Mark Davis wrote:
> [L2] is not the following:
I'm glad to hear that "bug" 1 is not how L2 is intended to work (this means
that the answer to FAQ question 12 "Is Bytext bidirectionality compatible
with Unicode bidirectionality?" is simply yes, instead of a qualified yes).
I don't wish to give the impression that I care too much about semantic
errors, but if you can't acknowledge that what was said in L2 was not what
was intended (instead of just being unclear) I'm going to have to call you
Let's say you have a line consisting of characters with all embedding level
4... How is "3" considered to be the lowest odd level on that line? It's no
more the lowest odd level than 5 or 1 is. At best, if you consider a
character with embedding level 4 to actually consist of 4 and each lower
embedding level (4, 3, 2, 1, and zero), which is not entirely unreasonable,
then 1 will always be the lowest odd embedding level on every line except a
line consisting of all zero's. But since L2 doesn't say "...to 1", it rules
out this interpretation.
A function implementing L2 might go thru the following steps on each line:
1. find the highest level
2. find the lowest odd level
For a line consisting of all 4's as above, step 1 will return 4 and step 2
should return null since there are no odd levels on the line. A list
consisting of "from 4 to null" can only reasonably be interpreted as
consisting only of 4. Going on with this you get the "bugs" I describe.
If you are familiar with each implementation of the algorithm, it might be
reassuring to users if you can state that none actually work in the manner
above. Any other implementations might want to test for this.
> I believe other people addressed the other two items you thought were
Other people have not addressed "bug" 2 accurately. Here's an impromptu
shorthand to summarize the issue:
RLE..."LRE...PDF" looks ok on 1 or more lines, unless a strong L character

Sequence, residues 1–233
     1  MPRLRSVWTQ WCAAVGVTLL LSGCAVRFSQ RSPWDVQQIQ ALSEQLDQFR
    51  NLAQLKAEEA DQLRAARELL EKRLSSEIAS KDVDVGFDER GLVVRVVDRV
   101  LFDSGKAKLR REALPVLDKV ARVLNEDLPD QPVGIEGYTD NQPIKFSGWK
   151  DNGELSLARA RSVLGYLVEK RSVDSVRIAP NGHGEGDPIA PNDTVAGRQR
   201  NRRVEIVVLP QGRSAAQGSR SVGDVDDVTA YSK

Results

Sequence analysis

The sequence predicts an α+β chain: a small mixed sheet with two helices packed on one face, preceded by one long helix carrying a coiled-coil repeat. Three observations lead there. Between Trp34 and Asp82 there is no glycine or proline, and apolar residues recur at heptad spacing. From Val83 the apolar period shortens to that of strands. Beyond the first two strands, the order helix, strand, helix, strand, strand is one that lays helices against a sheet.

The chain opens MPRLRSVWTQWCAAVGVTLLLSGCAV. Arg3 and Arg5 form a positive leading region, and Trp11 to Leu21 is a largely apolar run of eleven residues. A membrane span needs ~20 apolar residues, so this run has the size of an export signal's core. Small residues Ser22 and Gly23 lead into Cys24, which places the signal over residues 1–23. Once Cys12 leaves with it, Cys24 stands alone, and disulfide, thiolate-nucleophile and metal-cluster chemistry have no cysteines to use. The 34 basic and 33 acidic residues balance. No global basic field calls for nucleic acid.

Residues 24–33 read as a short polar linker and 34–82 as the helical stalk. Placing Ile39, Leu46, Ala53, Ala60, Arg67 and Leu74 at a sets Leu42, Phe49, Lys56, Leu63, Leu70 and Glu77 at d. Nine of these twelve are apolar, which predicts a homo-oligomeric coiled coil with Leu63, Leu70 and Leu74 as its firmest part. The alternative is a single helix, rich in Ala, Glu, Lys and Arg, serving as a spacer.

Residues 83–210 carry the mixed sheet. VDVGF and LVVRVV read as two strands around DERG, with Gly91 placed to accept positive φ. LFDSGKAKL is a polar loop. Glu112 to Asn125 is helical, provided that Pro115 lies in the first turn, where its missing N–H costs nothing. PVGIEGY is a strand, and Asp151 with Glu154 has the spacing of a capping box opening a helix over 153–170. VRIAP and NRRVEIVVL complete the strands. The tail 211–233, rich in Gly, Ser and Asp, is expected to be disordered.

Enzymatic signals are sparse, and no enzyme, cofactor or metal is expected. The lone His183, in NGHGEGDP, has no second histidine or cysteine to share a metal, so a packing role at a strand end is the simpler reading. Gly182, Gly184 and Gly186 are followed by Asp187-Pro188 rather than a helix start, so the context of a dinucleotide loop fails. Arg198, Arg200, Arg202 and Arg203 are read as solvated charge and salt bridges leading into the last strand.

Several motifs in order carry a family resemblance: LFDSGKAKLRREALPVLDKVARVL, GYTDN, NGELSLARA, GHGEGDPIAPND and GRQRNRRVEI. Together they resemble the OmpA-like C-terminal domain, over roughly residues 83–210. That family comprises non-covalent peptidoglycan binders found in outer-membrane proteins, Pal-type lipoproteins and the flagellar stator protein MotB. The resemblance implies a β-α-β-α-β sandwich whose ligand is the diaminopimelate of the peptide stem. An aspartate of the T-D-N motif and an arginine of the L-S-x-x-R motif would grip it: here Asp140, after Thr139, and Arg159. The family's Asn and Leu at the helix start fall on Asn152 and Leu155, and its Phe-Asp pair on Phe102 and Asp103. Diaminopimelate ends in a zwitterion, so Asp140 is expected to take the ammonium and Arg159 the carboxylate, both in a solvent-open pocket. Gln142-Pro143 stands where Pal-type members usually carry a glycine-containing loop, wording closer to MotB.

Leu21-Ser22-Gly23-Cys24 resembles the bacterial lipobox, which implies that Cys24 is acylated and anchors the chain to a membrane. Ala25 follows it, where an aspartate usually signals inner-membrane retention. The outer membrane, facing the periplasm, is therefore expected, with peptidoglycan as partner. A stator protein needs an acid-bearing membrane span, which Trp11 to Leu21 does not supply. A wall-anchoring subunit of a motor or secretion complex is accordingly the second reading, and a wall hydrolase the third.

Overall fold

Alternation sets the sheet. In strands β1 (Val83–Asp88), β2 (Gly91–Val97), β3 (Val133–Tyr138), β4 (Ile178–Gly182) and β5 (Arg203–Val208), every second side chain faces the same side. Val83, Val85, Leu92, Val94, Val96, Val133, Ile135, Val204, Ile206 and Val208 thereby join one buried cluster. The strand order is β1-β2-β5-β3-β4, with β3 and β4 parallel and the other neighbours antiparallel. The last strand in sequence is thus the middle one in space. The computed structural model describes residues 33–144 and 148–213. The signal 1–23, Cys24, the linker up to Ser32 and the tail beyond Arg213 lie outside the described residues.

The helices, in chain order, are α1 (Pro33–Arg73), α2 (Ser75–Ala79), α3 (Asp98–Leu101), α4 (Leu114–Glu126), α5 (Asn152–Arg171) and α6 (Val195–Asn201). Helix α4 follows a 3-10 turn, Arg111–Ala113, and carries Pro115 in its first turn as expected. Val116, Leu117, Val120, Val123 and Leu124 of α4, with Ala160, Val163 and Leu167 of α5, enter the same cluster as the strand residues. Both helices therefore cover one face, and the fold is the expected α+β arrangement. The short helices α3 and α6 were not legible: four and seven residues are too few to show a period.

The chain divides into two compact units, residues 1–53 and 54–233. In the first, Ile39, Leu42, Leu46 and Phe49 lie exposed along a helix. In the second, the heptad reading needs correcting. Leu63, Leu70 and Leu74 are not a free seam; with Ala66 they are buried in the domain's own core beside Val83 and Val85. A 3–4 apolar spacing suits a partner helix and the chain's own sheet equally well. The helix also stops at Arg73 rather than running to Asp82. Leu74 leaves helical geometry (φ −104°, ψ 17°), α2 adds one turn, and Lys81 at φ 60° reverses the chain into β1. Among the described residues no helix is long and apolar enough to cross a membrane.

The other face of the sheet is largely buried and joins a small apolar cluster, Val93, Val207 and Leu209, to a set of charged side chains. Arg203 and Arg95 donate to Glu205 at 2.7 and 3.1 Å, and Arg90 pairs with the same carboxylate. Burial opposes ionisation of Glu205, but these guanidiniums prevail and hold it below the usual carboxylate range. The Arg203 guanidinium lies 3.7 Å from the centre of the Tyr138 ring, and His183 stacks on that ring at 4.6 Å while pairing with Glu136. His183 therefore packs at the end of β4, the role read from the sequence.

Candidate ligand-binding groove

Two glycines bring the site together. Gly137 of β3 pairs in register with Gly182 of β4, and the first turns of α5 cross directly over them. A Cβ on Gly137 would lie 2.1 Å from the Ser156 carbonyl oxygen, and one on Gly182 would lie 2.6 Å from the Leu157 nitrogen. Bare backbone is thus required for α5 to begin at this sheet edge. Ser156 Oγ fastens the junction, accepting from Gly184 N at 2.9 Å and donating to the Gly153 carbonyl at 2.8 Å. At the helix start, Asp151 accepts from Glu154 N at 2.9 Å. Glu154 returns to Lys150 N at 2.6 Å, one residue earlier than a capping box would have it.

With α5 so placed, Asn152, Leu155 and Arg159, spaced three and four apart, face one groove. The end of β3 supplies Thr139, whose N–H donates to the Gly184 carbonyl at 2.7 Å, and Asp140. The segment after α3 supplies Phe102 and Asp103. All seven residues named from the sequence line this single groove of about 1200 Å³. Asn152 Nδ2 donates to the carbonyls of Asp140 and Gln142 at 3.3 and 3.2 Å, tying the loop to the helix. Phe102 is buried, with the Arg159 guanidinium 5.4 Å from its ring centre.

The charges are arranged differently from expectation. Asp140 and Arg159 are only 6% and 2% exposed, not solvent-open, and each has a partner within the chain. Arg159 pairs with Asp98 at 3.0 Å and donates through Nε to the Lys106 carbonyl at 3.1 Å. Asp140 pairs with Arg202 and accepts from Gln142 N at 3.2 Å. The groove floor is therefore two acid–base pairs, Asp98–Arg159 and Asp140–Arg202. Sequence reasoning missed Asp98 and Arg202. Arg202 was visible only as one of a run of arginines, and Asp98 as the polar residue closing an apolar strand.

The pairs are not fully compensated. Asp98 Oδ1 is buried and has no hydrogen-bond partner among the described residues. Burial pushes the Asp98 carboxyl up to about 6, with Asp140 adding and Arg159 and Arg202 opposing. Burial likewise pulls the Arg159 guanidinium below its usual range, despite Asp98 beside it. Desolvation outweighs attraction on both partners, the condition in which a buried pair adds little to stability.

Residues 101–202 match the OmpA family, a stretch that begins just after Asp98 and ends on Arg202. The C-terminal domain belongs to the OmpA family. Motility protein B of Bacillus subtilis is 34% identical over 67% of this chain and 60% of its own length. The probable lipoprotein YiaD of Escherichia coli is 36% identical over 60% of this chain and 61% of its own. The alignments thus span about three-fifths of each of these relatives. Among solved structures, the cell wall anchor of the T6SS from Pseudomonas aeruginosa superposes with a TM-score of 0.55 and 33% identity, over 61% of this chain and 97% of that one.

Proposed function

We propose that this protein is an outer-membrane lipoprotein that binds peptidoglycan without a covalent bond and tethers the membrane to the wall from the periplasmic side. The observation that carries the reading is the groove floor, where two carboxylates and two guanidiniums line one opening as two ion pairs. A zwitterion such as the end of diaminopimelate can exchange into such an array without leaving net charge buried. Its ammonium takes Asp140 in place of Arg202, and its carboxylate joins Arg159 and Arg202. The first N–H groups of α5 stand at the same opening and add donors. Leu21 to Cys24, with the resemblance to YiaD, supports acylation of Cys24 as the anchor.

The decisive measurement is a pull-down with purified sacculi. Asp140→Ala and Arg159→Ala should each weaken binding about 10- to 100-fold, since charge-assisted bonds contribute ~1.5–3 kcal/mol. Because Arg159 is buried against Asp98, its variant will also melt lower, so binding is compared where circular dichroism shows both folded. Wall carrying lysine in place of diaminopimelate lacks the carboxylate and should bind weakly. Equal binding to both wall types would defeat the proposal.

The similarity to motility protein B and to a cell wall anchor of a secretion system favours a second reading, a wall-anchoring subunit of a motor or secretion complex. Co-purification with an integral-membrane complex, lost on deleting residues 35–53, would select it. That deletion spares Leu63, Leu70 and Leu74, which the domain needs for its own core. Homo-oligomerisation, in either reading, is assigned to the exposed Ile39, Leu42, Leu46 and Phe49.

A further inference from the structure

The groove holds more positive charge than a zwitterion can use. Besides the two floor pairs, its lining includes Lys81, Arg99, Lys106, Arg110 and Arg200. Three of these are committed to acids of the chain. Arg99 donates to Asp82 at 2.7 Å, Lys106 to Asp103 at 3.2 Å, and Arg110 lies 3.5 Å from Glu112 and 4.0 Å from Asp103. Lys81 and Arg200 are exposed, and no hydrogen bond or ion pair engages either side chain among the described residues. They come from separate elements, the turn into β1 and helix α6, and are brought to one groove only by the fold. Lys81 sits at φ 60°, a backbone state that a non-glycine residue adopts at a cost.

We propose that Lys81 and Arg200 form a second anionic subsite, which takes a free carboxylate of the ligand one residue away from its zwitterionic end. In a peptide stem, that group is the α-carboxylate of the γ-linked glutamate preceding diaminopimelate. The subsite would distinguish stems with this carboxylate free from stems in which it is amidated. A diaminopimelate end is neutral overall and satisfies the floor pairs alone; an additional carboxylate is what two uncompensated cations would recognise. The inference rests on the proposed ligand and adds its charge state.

precedes or follows the quotation, as in: RLE...L "LRE...PDF"
LRE..."RLE...PDF" looks ok on 1 or more lines, unless a strong R character
precedes or follows the quotation, as in: LRE...R "RLE...PDF"
LRE...RLE"..."PDF looks ok on 1 line, looks messed up on multiple lines
RLE...LRE"..."PDF looks ok on 1 line, looks messed up on multiple lines
This "bug" is weaker than I originally thought, but it still belongs in
question 13 of the Bytext FAQ "How is using bidirectionality in Bytext
easier than in Unicode?"... even Tim Partridge didn't get it right as to how
to spell embedded quotations ("Surely if the quotation is meant to be right
to left the RLE and PDF should
be outside the entire thing, including the quotes"). These kinds of issues
can be summarized as an overdependence on character properties, language
specific conventions, and formatting characters with overlapping
functionality that allow multiple spellings for the same formatting. In
other words, as others have said, the Unicode bidirectional algorithm is too
complex. The (new) Bytext encoding of bidirectionality shifts the complexity
to the level of transcoding and to input methods. It effectively eliminates
multiple encodings that achieve the same embedding levels, so like
everything else in Bytext it is more regular expression friendly.
--- Bernard Rafael Miller, email: email@example.com Format enabling simplified 8 bit regexes of UCS characters: www.bytext.org --- “We believed that the cybernetic approach to consciousness, whipped up frothy, would carry us to a plateau overlooking a pleasant mirror, but instead left us blathering in the dressed up solitude of mannequin planets.” --Steven Jesse Bernstein
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